There are many different kinds of online skeptical activism: blogging, writing comments on blogs, tweeting, taking part in forum discussions, networking with other skeptics on facebook, bickering in Youtube comments and so on.
I tend to prefer blogging over the others because it allows you to create a space where the main content is only produced by you and gives you a lot of control over presentation. I also enjoy debating on forums, with what you say is easily drowned out by the opinions of thousands of others and if you are posting on a hostile forum your content may become edited or deleted. Even if your posts do not get edited or removed, they can become pruned after a while and the content you have written does not stay. Blogs also provide enough space to make detailed arguments (compared with twitter that only allows 140 characters) and is not completely dreadful and life-draining (bickering in Youtube comments).
But what is the point of skeptical blogging? People who are entrenched in pseudoscience will never change their beliefs and so, the argument goes, there is not much point in skeptical blogging since you won’t convince anyone. However, this completely misses the point: skeptical blogging is not about convincing true believers. Far from it. When I write a blog post criticizing Sylvia Browne or Ken Ham, I am not expecting to convince those people or their closest supporters. Instead, I have a number of other goals in mind.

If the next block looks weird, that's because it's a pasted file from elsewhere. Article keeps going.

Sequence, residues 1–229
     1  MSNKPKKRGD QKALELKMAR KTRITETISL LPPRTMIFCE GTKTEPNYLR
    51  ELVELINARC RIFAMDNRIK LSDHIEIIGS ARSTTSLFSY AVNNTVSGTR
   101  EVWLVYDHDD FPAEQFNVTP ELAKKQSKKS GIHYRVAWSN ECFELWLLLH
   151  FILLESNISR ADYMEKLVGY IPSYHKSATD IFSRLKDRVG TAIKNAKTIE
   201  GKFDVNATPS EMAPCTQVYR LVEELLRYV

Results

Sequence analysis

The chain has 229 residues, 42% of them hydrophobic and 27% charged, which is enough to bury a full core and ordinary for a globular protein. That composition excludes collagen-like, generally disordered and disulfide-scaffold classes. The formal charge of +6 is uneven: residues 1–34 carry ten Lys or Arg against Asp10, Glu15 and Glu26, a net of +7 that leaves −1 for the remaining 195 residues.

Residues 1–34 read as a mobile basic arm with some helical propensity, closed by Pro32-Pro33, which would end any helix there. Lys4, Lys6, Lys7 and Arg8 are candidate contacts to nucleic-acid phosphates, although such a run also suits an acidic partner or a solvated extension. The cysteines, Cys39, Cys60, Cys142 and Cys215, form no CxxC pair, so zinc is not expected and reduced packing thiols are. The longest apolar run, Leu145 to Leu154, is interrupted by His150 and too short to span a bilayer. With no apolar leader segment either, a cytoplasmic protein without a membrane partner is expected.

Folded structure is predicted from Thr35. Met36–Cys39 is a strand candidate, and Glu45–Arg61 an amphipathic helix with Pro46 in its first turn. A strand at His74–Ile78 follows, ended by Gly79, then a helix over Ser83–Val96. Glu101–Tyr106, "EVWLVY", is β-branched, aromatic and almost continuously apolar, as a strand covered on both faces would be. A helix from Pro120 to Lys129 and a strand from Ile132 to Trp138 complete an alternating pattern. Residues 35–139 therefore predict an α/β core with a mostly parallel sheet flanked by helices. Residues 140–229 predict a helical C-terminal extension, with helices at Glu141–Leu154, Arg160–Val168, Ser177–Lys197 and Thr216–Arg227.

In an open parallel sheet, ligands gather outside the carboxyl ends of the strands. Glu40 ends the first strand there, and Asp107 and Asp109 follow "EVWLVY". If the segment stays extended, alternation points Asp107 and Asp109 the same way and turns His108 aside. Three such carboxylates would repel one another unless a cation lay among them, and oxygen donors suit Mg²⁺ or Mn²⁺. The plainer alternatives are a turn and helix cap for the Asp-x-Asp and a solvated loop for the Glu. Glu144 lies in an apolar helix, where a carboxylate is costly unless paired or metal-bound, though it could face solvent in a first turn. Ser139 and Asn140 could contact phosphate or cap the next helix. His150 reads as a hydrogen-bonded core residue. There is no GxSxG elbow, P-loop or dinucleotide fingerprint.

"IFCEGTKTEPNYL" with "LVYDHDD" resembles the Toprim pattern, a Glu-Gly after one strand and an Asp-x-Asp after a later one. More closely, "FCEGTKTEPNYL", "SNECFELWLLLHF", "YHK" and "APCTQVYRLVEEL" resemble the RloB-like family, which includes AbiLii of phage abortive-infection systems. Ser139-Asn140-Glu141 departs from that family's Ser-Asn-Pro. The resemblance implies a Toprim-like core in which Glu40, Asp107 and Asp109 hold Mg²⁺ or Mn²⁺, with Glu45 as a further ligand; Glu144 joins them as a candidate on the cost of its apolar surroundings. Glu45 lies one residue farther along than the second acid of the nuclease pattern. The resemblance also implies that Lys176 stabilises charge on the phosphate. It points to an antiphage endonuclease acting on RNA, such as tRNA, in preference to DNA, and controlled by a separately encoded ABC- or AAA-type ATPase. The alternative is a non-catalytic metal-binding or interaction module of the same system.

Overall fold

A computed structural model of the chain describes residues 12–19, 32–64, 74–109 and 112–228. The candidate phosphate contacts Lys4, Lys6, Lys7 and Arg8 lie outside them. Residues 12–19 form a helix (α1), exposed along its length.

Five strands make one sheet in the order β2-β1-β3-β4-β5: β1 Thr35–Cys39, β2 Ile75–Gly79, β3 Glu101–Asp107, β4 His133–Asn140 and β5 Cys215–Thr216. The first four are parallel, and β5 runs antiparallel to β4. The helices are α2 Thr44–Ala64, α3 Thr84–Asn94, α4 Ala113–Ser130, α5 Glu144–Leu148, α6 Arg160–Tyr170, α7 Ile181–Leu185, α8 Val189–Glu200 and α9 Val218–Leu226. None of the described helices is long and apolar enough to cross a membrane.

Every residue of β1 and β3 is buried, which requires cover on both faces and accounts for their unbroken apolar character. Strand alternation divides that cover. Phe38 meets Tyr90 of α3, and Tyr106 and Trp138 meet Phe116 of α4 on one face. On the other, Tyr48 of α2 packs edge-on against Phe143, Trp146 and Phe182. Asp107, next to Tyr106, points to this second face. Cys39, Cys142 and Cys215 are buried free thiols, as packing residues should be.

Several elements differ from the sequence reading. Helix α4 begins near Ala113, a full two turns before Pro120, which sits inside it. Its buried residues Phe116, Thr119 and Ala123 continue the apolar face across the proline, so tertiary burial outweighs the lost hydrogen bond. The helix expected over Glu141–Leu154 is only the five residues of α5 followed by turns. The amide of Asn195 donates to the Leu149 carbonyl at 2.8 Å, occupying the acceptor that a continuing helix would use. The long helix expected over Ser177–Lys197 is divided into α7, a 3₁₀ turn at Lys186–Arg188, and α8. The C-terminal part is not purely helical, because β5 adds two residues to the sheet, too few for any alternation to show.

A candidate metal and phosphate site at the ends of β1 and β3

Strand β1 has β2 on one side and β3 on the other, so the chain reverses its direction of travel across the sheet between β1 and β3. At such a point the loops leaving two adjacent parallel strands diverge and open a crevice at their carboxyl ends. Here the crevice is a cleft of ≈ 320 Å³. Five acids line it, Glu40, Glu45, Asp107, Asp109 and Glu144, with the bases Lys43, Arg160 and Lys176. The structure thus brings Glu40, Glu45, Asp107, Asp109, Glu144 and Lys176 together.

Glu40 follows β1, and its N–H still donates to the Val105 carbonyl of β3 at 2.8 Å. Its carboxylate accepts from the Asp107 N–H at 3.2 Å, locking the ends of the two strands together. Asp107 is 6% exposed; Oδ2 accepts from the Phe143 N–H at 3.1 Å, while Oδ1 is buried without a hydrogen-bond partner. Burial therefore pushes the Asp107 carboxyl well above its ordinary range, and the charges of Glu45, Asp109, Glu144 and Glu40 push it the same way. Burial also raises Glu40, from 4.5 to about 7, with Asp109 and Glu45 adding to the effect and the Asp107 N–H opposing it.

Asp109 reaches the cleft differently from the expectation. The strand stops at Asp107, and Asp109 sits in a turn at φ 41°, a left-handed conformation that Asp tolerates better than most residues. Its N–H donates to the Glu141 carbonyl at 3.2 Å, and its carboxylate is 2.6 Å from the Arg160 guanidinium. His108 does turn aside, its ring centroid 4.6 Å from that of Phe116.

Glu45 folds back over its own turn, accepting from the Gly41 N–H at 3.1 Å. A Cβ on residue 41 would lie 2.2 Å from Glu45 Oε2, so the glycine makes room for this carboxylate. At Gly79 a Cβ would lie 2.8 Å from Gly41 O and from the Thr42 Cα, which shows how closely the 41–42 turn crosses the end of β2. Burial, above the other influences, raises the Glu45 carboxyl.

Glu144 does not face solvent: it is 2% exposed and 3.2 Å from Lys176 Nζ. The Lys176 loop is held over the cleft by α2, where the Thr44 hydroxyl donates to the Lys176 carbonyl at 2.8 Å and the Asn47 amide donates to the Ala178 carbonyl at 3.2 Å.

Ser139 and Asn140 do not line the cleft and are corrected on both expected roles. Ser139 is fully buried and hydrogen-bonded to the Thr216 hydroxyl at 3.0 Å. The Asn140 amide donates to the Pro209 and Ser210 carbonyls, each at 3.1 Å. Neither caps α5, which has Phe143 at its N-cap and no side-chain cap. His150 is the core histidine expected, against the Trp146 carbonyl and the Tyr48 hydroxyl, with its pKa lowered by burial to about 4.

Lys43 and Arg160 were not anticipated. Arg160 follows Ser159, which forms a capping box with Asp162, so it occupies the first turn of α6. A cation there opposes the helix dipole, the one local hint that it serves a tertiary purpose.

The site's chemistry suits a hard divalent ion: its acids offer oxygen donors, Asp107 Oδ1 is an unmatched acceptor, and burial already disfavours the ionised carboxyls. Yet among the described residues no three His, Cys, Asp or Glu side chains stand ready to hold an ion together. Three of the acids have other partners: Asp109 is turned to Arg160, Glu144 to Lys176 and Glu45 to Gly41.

Convincing bystanders and fence-sitters: a powerful method is to attempt to reach out and convince those individuals who have heard of the issues but not yet decided where they stand. This is accomplished by being polite, effective and convincing. Thus, skeptical bloggers do not attempt to convince Ken Ham about anything, but rather the middle-aged soccer mom who has heard from her female friends that radiometric dating makes unsupported assumptions and wants to find out for herself or the 16 year old guy who suspects that a video-maker on Youtube is trying to bullshit people by making wild claims about how mutations cannot “add information” and that evolution therefore is impossible.
Educating allies: preaching to the choir is not just an unproductive circle-jerk. It provides skeptics with additional resources, highlights facts and objections to pseudoscience that they may never have heard before and so on. This allows other skeptics to be more effective in their own skeptical activism. Think back to the places were you have learned stuff about skepticism and pseudoscience: JREF, The Skeptic’s Dictionary, Talk.Origins, AIDS Truth, CSI, Popular Mechanics, NCSE, Screw Loose Change and how much they impacted and influenced your own skepticism and skeptical activism. To cite two overused clichés: you are standing on the shoulders of giants and now it is time to pay it forward.
Individual learning: reading skeptical criticisms of pseudoscience is interesting, but doing the research, writing original refutations and responding to objections is both rewarding and fun. You presumably learn more if you take active participation by explaining to others rather than just reading.
Sense of accomplishment and psychological satisfaction: compared with twitter, forum posts or comments on video sites, writing more and more substantive blog posts feels like a steady accumulation of accomplishments. Moreover, it is often very satisfying to write a detailed refutation of pseudoscience.
There are probably other beneficial things with skeptical blogging that I have not discussed as well but this short overview is enough to respond to the “what’s the point?” question.
If you are an online skeptical activist or run a skeptical blog, what are some of your reasons for doing it?
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